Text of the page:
So if I follow your logic, you'll patch from port 16 to the switch (which will be installed above the panel) via the uplink port  to connect to the router (or other switch) in the house.  Then you'll patch from the switch (presumably with 0.5m patch leads) to what ever socket you want to use via the corresponding port on the patch panel ?

Would it not of been easier to simply terminate each cable with an RJ45 and plug it directly into the switch ? - this would reduce the need for 16 x patch leads, and less work ?

I'm not knocking the project (far from it as I love what you've done) but I can't see the need for so much network infrastructure in a shed (sorry Observatory :) )  How much computer hardware are you thinking of using ??

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It's going to be a 24port managed switch (which I already have), so all ports will be permanently patched. Yes, port 16 goes into the house where it plugs into another identical switch.

I could have used plugs on the cable ends, but that would have been cutting corners. ;) It's all solid cable (not the stranded type) and it's not a good idea to crimp plugs to that cable type. (It's possible but it will work loose over time)

It's one of these things where you count how many you need and then double it, just like I did with my power sockets. ;)

And the IT guy and the geek in me wanted to do it "properly".

Some of the electronics projects I'm planning to do, and possibly many future projects, will have Ethernet ports (Arduinos, RasperryPis, ...) so I though it would be a good idea to have a few sockets on my electronics desk.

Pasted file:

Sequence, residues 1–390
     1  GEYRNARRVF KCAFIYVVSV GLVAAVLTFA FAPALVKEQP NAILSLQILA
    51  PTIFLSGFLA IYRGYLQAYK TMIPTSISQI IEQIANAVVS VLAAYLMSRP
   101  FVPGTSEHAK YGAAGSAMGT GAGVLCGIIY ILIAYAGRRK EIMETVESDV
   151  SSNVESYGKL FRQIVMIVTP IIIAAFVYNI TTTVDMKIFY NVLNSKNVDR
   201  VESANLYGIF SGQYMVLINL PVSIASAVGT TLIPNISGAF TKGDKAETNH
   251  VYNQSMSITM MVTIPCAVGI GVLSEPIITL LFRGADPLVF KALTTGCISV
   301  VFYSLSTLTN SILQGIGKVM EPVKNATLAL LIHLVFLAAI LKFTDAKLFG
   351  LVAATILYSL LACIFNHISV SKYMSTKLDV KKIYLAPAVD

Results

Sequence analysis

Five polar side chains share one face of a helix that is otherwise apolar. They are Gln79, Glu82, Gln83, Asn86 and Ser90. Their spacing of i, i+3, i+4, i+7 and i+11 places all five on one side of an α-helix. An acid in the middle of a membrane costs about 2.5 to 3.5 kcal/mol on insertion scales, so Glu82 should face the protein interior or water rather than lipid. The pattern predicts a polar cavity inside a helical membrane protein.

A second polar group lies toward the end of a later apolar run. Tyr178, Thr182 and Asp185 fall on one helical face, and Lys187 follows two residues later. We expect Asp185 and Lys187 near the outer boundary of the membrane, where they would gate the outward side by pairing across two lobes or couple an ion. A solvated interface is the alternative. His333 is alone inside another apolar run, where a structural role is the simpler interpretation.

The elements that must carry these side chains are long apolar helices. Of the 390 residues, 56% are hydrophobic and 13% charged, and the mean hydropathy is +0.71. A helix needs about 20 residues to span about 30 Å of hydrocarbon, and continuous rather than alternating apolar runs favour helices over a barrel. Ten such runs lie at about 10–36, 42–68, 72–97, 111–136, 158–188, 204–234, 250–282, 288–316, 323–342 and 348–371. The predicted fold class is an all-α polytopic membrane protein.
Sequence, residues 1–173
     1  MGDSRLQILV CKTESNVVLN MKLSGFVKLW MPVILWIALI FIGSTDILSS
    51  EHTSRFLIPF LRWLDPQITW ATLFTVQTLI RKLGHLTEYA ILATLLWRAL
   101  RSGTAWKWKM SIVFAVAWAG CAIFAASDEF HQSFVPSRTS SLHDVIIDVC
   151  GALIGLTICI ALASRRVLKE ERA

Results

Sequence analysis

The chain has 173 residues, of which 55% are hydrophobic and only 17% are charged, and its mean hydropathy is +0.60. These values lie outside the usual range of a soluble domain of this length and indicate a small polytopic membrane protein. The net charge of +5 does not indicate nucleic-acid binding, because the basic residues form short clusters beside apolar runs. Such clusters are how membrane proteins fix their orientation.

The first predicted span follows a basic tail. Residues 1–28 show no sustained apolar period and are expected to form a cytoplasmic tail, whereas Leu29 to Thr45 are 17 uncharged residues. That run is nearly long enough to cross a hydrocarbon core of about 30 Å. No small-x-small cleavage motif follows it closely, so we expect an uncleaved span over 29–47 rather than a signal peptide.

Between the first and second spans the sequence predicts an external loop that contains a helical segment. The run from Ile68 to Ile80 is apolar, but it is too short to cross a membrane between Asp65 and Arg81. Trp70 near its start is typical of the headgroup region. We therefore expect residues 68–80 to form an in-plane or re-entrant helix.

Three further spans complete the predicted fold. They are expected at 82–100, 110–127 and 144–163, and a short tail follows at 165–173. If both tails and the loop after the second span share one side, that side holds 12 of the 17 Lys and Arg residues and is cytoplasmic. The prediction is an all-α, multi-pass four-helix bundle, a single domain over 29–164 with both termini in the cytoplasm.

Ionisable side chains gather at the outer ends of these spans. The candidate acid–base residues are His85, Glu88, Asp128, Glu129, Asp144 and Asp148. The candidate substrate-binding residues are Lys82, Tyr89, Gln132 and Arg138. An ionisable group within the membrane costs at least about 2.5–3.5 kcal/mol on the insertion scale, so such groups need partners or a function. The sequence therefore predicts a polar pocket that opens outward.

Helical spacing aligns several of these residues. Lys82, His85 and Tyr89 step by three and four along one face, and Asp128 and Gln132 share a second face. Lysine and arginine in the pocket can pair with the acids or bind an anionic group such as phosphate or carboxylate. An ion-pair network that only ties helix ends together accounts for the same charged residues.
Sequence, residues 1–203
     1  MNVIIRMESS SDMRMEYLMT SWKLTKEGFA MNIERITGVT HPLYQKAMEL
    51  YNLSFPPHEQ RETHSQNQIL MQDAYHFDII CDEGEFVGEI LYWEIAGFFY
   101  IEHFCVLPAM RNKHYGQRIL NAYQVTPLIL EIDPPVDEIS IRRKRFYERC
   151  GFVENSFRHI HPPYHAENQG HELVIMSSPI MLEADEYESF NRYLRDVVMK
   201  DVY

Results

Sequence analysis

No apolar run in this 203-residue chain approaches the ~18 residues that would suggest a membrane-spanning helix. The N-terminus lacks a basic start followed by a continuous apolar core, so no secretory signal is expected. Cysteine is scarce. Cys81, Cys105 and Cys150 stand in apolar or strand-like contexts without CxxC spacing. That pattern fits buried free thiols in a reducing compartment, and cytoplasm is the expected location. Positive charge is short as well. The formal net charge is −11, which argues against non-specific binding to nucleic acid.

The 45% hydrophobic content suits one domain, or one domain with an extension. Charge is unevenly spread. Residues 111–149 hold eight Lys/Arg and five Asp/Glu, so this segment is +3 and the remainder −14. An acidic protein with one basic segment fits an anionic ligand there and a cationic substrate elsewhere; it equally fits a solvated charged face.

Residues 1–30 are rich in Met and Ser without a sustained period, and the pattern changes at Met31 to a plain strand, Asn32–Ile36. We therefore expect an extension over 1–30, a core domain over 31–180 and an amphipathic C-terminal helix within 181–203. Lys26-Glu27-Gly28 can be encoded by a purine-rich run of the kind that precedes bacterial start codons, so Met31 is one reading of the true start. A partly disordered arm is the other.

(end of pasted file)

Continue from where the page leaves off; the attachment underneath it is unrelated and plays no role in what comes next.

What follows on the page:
Also, I can use the cables for something other than Ethernet. I could, for example, patch a socket on the pier directly through to another socket on the electronics desk.

This whole building is a bit of a playground for me. So while I had the chance I just ran a lot of cables inside the walls. Much more tidy than running them on top of the wall if I ever needed it later on. I'll probably never use all of them as Ethernet ports. ;)

Actually, I wish I could do the same inside the house. I can't wait till it needs a complete rewire :D

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Thanks for the advice on the flooring. So the general opinion is that carpet tiles are not good for the scope room.

I've decided to leave the scope room as it is for a while (while deciding what to use) and finish the warm room first. This will definitely be done with the carpet tiles I have.

So today I have moved the left-over timber back to the scope room and then connected up all the network cables to the patch panel. I want to have all the electrics done before starting with the carpet.

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Chris,

I'd recommend re-terminating the data to minimise the amount of cable sheath removed. Although the runs are short this degree of untwist will cause cross talk issues and affect operation at gigabit speeds.

Probably ok for 10/10Mbs though.

If you can keep it neat and short it should work fine..

typed on my mobile with Tapatalk

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LOL - your other half will never see you with all those goodies and projects to play with.... I see the logic now in that you are not simply using the network for TCP/IP, but as a means of connections between points etc.

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Chris,